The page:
Logitech G Pro Wireless
Razer Viper Ultimate
Glorious Model O Wireless
Overall build quality is very solid. There is no rattle when shaking the mouse. When applying lateral pressure, no creaking or flexing of the shell can be observed. Activating the side buttons by squeezing the sides requires excessive force. Lastly, no accidental clicks occur when slamming down the mouse.
Main buttons on the Clutch GM41 Lightweight Wireless are very good. Pre-travel is low and post-travel moderate, resulting in a firm and highly satisfying button response. However, when tapping, the right button emits a rather loud “thunk” sound. While these buttons are visually separated from the shell, button wiggle is minimal. Button stiffness is medium to light. A set of Omron D2FC-F-K (60 M) (China) switches with an actuation force of 60-65 gf is used.
Side buttons are very good. Pre and post-travel are minimal, resulting in a snappy button response, but the buttons don’t sit entirely firm, leading to a somewhat flimsy feel. The pressure point is even across the entirety of these. Button size and placement are good as actuation is possible rather easily by rolling one’s thumb across, though depending on one’s grip, the forward placement of the buttons may not be liked. A pair of Huano switches (blue plunger) is used here.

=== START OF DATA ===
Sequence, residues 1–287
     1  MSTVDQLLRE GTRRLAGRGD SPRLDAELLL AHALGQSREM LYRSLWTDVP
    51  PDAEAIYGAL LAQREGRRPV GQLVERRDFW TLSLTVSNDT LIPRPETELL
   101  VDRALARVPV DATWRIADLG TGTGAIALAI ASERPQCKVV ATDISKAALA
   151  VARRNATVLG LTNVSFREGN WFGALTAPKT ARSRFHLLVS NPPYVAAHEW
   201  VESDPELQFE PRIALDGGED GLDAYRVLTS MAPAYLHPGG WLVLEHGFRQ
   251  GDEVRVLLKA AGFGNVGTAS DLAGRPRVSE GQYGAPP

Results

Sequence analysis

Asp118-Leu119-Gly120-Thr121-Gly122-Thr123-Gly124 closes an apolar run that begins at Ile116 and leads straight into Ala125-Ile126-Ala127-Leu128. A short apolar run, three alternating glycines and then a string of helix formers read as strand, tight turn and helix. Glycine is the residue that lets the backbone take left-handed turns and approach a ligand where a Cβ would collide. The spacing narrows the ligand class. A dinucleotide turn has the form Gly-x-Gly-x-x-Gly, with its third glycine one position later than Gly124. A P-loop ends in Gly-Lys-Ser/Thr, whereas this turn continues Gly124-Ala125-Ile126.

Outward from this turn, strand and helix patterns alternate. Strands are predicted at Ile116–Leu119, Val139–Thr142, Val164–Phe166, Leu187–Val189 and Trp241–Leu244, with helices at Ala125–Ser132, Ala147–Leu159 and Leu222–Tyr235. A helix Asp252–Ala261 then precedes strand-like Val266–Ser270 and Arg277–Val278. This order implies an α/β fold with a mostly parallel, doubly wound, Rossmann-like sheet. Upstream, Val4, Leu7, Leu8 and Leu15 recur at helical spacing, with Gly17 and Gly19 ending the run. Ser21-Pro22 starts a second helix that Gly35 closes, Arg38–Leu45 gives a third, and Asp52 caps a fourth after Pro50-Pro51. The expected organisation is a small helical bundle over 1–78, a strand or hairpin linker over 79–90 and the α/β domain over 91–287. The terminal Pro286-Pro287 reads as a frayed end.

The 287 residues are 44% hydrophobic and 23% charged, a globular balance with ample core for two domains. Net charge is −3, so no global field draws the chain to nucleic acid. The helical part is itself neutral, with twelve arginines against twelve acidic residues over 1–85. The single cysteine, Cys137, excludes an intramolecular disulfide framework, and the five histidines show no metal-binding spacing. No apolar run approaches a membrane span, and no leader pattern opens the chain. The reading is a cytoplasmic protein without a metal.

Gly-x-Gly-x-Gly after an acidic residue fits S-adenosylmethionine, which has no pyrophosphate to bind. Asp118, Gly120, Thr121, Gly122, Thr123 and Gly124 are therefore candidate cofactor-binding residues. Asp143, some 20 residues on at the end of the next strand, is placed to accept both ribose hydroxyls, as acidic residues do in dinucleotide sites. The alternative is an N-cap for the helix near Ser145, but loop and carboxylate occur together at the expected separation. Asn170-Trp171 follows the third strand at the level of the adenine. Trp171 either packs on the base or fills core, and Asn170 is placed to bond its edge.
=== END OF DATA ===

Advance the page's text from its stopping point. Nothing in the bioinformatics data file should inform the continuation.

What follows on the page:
At the bottom of the mouse is a single button for cycling through the set CPI levels. Its click feel is good. A seemingly unbranded tactile switch is used for this one. Also found at the bottom is a slider that switches between on and off state. This slider has a small indentation, which makes it very convenient to operate.
The scroll wheel is very good. Noise levels are appreciably low when scrolling in either direction, but the steps themselves lack separation, resulting in just average tactility. The encoder comes from CF (ChangFeng) and has a height of 11.5 mm. The middle (scroll wheel) click requires medium force for actuation. A seemingly unbranded tactile switch is used.
The Clutch GM41 Lightweight Wireless has a fairly smooth matte coating on top and a bumpy rubber texture that is oddly soft to the touch on the sides. Grip is fine on either, and neither surface attracts fingerprints, dirt, or the likes too much. They are easy to clean, and there are no signs of wear left after doing so. All in all, excellent materials.